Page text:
Hair Loss in Japan: The Causes—and Solutions!

The Hidden Secret In Your Drain

By Rae DeFrane
July 16, 2019
Health & Beauty, Lifestyle

When I first moved to Tokyo it was a whirlwind experience. Naturally, I was stressed from the start and quickly had to contend with so many other changes, but things only got worse as I noticed one unexpected difference in my body.

I was losing so much hair! Almost clumps were lost daily after I arrived in Japan. This would be hard to swallow for anyone, but as a 20-something female, it was beyond troubling. I researched my symptoms online (which is always problematic) but found very little information about what I was experiencing. I hadn’t had this issue in Canada… was it Japan, or was I going crazy?

“Was it Japan, or was I going crazy?”

After scouring the internet, desperate for advice, I finally found a private Facebook group for women living in Japan. There, I found a plethora of people who were suffering in the same way I was.

It turned out I wasn’t crazy and I wasn’t the only one.

Hair loss is a common problem among western women in Japan

All of us were in our twenties or thirties and it seemed impossible to me that our problems were completely independent of our new surroundings. How could each one of us have completely separate issues that sprung up as soon as we landed in Japan?

More importantly, how were other people with the same problem supposed to find this tiny little pocket of information without being a member of the Facebook group?

Hair Loss in Japan: The Causes—and Solutions

I want to shed light on this stressor and help anyone who might find themselves in the same situation during their time in Japan. This was something that almost cut my time here drastically short—and I don’t want others to feel alone.

Japanese people have such beautiful thick hair! Why is my hair falling out so much?

The answer to this could be equal parts simple and frustrating. Are you of European or Celtic descent? Unfortunately, this might put you at a predisposition to lose more hair in Japan. Westerners tend to have much softer, finer hair. There are many reasons why our hair can freak out as compared to when we’re in our home countries. Let’s run down the list of some of the things that can weigh heavily on our tresses.

The Causes

1. Jet Lag

A lesser-known symptom of jet lag outside the general tiredness and brain fog is hair loss (who knew?!) This is likely caused by many factors, such as being at a high altitude, general travel stress, and your body being thrown completely out of its regular rhythm. So, if you’re brand new to the country, it might not be time to panic just yet. Jet lag (typically) wears off at one to two time zones per day. For anyone coming from North America, that means it can take a week before the immediate effects wear off.

That being said, our hair tends to take even longer to catch up, so give it a couple of weeks to start to get back to normal if you think jet lag might be the culprit.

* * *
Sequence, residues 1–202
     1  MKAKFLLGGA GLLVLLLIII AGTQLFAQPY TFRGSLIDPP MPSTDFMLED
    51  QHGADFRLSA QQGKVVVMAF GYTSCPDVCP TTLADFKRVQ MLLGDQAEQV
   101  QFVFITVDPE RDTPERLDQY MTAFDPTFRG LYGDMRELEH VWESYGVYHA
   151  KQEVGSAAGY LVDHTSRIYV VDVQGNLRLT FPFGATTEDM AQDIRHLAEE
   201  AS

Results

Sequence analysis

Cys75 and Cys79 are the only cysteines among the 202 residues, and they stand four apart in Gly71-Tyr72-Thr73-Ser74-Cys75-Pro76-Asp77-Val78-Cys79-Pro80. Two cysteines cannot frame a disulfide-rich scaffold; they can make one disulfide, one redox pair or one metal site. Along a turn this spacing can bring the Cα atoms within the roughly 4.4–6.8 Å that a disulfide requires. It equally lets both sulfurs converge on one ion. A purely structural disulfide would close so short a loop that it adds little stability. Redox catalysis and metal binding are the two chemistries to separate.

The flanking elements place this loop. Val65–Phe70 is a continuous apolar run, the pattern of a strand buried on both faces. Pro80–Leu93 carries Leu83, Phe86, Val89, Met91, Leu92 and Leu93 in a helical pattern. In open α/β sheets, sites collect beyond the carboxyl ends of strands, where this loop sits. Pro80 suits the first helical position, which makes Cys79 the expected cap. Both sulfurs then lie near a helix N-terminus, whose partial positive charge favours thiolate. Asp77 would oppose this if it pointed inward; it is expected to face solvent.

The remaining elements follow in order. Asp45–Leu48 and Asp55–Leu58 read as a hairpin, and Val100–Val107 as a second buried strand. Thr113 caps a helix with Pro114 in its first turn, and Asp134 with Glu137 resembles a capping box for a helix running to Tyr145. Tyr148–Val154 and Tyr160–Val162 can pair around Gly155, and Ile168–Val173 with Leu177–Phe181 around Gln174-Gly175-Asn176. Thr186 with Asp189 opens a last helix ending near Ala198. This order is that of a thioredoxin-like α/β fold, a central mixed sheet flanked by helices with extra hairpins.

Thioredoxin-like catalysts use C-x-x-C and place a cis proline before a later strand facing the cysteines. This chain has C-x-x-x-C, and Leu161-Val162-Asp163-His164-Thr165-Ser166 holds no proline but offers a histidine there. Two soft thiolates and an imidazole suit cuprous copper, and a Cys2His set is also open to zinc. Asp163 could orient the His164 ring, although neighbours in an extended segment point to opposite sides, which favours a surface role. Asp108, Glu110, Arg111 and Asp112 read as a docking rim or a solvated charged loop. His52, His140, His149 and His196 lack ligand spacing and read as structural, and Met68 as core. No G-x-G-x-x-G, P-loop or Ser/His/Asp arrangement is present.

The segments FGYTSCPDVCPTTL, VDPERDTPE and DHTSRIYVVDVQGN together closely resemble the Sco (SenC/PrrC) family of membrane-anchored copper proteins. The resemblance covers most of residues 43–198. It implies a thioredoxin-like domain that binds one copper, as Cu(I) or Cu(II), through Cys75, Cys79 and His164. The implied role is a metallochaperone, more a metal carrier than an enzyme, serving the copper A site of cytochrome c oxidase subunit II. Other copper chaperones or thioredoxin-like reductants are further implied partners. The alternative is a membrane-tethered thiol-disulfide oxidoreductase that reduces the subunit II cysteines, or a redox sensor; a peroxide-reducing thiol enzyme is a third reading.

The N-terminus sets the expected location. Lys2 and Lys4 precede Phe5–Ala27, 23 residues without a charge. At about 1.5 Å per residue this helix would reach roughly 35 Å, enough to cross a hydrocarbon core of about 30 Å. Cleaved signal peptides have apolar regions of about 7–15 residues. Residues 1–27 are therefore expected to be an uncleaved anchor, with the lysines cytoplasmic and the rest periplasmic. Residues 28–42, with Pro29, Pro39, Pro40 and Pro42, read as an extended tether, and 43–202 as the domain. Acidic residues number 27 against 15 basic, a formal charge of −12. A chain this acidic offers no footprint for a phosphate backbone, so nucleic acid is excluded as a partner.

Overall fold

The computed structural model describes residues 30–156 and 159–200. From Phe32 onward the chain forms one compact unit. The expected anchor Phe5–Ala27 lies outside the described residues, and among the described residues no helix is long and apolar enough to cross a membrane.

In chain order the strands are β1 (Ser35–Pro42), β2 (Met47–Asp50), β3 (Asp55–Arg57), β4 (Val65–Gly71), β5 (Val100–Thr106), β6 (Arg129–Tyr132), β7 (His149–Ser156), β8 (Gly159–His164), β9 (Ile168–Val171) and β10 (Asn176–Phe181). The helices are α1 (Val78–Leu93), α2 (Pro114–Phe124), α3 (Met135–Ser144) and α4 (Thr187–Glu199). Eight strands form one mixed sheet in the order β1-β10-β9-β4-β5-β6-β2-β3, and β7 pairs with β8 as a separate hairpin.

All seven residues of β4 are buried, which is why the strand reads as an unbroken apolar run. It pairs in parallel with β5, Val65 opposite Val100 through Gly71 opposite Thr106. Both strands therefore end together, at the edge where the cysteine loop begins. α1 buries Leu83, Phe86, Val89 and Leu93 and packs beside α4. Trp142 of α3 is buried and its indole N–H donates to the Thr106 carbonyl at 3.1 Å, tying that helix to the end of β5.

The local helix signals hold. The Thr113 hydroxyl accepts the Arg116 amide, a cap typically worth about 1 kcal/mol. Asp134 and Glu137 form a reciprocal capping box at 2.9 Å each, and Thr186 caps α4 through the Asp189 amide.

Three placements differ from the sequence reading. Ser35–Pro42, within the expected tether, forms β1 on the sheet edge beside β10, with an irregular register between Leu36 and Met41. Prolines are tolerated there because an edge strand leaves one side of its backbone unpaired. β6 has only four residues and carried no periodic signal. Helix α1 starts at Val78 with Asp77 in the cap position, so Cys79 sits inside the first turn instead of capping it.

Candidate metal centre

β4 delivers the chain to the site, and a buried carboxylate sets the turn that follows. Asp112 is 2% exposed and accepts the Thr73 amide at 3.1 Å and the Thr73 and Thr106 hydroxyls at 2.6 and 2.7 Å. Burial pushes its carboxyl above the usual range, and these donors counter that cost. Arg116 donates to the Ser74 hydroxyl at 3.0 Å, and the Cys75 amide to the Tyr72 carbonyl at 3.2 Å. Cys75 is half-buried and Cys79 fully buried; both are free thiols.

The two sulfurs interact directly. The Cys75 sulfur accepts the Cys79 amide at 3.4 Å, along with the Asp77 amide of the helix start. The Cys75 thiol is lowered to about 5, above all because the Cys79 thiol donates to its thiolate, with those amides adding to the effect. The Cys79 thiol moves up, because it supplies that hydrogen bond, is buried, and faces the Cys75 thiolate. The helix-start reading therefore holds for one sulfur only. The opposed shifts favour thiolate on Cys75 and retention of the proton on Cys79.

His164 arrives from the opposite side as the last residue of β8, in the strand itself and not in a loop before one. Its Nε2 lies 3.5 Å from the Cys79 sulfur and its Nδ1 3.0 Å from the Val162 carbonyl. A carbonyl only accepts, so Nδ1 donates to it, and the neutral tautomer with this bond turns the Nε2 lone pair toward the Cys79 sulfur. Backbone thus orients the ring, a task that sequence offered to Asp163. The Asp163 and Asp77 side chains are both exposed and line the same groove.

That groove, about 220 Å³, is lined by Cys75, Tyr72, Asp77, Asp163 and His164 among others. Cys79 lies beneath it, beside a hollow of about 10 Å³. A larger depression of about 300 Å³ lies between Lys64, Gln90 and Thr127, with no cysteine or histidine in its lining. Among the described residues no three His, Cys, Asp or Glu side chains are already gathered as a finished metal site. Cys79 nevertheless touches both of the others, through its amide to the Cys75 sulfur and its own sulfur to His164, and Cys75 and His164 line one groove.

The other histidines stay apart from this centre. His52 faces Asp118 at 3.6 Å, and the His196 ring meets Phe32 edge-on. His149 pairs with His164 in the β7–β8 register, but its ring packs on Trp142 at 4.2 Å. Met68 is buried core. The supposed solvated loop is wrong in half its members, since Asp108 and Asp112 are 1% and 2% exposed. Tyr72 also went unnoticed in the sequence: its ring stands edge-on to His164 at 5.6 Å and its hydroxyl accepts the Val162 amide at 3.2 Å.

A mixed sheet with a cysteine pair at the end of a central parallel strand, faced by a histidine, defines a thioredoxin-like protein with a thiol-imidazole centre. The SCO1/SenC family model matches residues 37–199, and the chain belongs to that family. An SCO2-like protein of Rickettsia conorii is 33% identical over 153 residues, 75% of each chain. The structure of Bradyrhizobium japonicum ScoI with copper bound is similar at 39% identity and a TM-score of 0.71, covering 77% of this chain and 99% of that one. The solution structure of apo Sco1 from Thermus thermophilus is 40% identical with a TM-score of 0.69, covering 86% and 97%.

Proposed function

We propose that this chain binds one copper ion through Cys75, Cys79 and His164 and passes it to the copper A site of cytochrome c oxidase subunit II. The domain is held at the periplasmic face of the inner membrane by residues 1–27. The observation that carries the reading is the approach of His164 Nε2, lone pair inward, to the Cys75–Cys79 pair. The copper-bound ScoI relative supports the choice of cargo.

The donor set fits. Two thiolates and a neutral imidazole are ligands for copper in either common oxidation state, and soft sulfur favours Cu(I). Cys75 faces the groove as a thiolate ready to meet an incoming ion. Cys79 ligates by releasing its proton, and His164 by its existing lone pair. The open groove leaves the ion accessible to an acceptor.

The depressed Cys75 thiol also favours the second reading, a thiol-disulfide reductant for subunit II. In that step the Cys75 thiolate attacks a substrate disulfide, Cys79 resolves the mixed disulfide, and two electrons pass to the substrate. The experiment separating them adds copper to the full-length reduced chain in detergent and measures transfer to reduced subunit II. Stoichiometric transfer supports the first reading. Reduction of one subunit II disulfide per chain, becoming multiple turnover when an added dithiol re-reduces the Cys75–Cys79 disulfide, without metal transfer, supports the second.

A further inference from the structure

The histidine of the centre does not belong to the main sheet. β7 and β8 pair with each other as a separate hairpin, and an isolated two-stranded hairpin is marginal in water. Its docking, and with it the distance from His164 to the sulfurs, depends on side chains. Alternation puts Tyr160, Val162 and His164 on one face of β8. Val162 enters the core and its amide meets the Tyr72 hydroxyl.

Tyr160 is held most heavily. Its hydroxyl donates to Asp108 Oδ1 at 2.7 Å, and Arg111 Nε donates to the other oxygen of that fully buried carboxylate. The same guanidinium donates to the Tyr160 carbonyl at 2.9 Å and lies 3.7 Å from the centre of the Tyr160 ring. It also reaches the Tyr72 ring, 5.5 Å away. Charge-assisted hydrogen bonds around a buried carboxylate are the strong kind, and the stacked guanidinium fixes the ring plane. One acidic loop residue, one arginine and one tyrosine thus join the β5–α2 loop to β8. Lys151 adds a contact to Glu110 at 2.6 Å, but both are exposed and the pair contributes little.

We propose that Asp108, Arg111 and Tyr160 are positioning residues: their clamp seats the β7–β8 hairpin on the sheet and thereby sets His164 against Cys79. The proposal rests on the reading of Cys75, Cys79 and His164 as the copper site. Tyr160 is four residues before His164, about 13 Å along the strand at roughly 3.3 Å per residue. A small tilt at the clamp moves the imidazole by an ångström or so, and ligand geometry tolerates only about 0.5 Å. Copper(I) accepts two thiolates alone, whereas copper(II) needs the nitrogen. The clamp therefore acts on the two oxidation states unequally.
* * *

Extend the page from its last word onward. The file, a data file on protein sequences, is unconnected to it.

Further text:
2. Climate Changes

Hair Loss in Japan: The Causes—and Solutions

Not only does your internal clock take a beating when you first arrive, but depending on what time of year you land in Japan, the change in weather can give you a serious beating as well. Summers in Japan are brutally hot and humid. Our hair is like our fur so if we need to cool down, it tends to start shedding!

After speaking with a dermatologist here in Japan, I was told that my hair loss could be caused by dandruff, which is often caused by the humid climate (gross!). Dandruff is definitely something that happens to a lot of Westerners during the Japanese summers and winters and it turned out that the level of severity of seborrheic dermatitis (the medical term for extreme dandruff) it would take to disrupt hair follicles is—to spare you the worst of the details—intense. Far worse than the few flakes I was noticing. Still, if you have intense itching and flaking, you might want to speak with an expert.

3. Diet

Hair Loss in Japan: The Causes—and Solutions

There are a lot of changes to diet that come with moving to a new country. Japan has a lot of delicious foods, but what that I didn’t notice right away was that coming from North America, there tends to be less protein in Japanese meals. Also (at least in Tokyo), fresh veggies and fruits can be expensive and consequently, are more easily skippable. This is where things can go wrong, as nutrient deficiencies are going to manifest themselves in your hair and skin first.

My diet changed a lot when I first arrived; I had to make a much more deliberate effort to keep the same micronutrients in my system that I was getting on a regular basis back home. Even if your diet isn’t necessarily unhealthier, a big change in food intake can still lead to a reaction in your hair weeks after the change has occurred. This can make it hard to pinpoint as a culprit for hair loss.

Some of the most important micronutrients for hair health are vitamins C and E, zinc, B-vitamins and omega-3 fatty acids. While omegas are fairly easy to come by in the Japanese diet (contained in fish and nuts), a lack of animal-based protein can decrease your B-vitamins. Meat contains plenty of zinc as well, so we start to see how important protein is for hair growth. For my vegan readers, whole grains, seeds, and legumes also contain these, but I would consult your physician to ensure you’re not missing any key nutrients.

4. Water

Hair Loss in Japan: The Causes—and Solutions

Where I come from we drink natural, untreated water straight from the ground. Canada is blessed with a lot of accessible and fresh water. Japan, in general, also has very clean water. In a big city like Tokyo, however, it is heavily treated with chlorine to keep it free from contagions. When I first arrived, I thought the water coming from my tap smelled like a swimming pool. The chlorine also turned my dyed, reddish-brown hair almost dirty blond in under a month, so it’s definitely heavy-duty. If your hair isn’t used to treated water, it’s likely going to take a long time to adjust to the change.

Okay, so my hair is falling out. What do I do?

The Solutions

1. A Shower Filter

Cleansui Showerhead - Hair Loss in Japan: The Causes—and Solutions